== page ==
The Revenue Commissioners collected €36.7 billion in tax last year - an increase of 7% on the 2011 total, while its audit activity raised €359m following 9,066 interventions.
Revenue said it also expected to collect an additional €65m in tax from retired people.
It follows a campaign last year to ensure individuals in receipt of a private pension also declared if they had a State pension.
The tax authority said in three quarters of cases no issues arose.
However, it said 30,000 people who had a private pension never reported their Department of Social Welfare pension to Revenue.
Some 85,000 individuals under-reported their circumstances or their situation had changed since they had originally contacted Revenue.
The organisation refunded €1.1m to pensioners who paid too much tax.
In its annual report today, Revenue admitted its approach "did upset some people."
On the property tax, Revenue said because it had drawn up a list of homeowners from multiple sources there had been errors which it had anticipated and had tried to explain.
It said when it started preparing to collect the tax there was neither a complete register of residential properties nor a system of valuing homes in place.
In its annual report, it said this represented a "huge challenge".
Revenue said the tax was easy to pay but difficult to avoid.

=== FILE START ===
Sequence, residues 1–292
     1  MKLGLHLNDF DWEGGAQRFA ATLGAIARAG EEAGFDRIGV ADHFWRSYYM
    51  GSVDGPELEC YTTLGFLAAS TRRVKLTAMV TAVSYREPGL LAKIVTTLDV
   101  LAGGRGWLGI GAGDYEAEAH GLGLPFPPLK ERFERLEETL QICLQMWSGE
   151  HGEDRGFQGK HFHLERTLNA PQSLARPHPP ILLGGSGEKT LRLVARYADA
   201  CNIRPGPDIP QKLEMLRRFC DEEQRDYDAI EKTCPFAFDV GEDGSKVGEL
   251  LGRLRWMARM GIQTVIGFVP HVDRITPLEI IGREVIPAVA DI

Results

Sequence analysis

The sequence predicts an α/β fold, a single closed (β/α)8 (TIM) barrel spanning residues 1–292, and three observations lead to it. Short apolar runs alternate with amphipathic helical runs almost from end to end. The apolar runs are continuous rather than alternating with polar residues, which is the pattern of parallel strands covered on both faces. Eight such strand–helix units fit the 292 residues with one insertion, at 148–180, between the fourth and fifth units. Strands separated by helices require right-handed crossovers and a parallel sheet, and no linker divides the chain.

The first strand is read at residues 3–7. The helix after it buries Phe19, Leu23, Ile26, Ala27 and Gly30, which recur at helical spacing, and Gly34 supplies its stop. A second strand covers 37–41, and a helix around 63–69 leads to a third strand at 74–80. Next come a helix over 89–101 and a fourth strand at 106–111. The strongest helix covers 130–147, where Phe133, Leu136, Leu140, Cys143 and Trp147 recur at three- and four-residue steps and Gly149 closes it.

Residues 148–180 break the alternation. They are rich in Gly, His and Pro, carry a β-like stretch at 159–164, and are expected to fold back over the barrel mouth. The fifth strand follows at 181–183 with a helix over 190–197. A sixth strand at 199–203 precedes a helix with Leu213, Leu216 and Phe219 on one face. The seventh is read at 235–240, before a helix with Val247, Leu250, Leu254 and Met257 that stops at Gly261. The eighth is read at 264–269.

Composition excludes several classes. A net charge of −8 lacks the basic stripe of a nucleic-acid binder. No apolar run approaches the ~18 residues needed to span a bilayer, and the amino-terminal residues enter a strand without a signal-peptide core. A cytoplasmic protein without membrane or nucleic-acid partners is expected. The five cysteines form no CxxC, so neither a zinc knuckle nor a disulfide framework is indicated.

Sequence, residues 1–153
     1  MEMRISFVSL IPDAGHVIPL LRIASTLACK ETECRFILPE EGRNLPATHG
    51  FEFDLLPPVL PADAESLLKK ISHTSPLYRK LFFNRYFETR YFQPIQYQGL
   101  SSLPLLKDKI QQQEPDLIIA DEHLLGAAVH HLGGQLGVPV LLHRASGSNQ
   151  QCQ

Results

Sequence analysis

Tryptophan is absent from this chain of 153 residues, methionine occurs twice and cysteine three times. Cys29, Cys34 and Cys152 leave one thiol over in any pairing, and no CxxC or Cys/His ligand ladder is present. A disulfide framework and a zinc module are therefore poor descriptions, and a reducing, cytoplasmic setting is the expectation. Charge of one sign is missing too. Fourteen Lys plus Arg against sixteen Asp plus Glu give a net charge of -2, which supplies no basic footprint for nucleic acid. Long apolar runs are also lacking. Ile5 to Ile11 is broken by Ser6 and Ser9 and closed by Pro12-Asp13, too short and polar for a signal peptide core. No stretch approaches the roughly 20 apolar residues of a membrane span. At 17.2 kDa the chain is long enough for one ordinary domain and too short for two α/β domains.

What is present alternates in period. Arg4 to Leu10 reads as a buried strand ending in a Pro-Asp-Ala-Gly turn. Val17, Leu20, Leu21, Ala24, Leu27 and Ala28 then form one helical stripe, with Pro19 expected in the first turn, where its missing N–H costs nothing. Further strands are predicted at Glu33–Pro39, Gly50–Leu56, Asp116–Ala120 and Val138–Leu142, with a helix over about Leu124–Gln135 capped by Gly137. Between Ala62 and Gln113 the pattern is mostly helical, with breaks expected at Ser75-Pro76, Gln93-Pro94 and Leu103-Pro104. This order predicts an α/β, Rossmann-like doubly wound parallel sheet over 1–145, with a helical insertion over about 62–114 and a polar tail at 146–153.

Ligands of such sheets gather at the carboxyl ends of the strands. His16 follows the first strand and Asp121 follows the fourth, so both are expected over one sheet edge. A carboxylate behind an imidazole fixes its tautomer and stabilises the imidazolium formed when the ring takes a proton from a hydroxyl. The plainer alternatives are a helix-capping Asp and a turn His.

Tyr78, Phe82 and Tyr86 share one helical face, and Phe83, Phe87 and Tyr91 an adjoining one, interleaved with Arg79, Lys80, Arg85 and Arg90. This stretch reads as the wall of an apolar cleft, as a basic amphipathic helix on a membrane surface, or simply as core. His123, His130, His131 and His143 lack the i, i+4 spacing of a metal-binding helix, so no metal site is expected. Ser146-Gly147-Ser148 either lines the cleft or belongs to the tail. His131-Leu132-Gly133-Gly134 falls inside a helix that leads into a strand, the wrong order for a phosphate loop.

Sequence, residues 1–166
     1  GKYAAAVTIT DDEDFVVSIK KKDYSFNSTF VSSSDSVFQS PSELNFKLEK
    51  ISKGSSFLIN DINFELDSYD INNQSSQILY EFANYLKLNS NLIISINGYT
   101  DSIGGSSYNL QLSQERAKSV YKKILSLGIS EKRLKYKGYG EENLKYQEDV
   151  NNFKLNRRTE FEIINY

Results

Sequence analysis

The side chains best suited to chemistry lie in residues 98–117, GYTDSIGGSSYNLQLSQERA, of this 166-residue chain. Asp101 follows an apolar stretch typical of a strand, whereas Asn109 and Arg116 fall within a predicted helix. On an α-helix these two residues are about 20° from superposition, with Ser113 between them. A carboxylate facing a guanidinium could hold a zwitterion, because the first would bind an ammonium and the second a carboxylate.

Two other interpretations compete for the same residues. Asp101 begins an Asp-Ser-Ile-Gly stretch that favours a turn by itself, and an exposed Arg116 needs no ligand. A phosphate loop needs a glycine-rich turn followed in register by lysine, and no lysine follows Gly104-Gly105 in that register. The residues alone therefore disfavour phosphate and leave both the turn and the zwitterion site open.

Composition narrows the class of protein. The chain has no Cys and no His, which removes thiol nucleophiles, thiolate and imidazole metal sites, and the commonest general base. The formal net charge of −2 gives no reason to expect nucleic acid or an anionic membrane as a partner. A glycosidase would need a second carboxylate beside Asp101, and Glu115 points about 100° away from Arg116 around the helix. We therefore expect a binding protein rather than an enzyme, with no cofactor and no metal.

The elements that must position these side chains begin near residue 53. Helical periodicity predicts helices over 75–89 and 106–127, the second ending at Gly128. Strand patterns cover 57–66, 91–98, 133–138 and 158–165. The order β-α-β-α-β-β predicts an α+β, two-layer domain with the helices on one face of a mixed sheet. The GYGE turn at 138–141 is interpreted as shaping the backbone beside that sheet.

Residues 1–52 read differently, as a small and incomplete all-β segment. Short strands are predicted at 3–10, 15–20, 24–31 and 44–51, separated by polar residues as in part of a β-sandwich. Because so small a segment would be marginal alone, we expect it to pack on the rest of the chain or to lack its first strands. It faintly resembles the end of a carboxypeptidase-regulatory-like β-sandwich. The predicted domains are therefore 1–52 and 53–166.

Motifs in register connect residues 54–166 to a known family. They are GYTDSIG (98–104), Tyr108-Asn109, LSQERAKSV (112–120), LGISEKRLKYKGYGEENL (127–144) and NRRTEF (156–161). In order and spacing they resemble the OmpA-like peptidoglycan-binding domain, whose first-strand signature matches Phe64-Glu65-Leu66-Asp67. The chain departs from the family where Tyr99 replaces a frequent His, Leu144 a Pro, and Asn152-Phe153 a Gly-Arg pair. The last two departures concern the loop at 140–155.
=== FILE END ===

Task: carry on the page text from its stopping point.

One million litres of illegally laundered fuel was seized, while nearly 100 million illegal cigarettes valued at €45m were also seized.
The authority's annual report said that the cost of running Revenue fell by €10.4m last year. Since 2008, annual running costs were reduced by over €103m (21%).
Speaking at the launch of the report, the Chairman of the Revenue Commissioners, Josephine Feehily, said that debt available for collection was just under €1.2 billion, down 10.4% from 2011.
''The continuing trend in decreasing levels of debt available for collection in the last couple of years is very encouraging,'' she said.
Revenue has sent out over 1.6 million property tax letters
Ms Feehily said she was ''pleased'' to report that Revenue had reached its target of issuing letters in respect of over 1.6 million properties for local property tax.
However, she admitted that not everyone who was liable to pay had received a letter. She estimated the numbers who failed to get a letter was "in the thousands".
But she stressed people who were liable and who had not received a letter had to contact Revenue and pay the tax.
She noted that the first LPT receipts have been credited to the Exchequer and, with over five weeks to go to the online filing deadline, more than 218,000 property tax returns have been received by Revenue.
Revenue will begin deducting estimates of property tax from payroll or social welfare payments of people who have refused to pay the charge at the end of June.
Self assessed tax payers who have not paid the property levy will be surcharged on their tax return from the October. That will have the effect of doubling the charge.
Ms Feehily described the reaction from the public to the tax as ''excellent''.